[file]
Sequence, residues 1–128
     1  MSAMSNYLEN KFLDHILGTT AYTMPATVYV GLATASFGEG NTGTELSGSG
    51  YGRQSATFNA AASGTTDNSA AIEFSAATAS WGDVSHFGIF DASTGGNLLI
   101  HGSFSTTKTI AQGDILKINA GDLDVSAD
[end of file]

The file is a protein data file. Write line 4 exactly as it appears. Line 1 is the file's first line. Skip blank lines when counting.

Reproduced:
   101  HGSFSTTKTI AQGDILKINA GDLDVSAD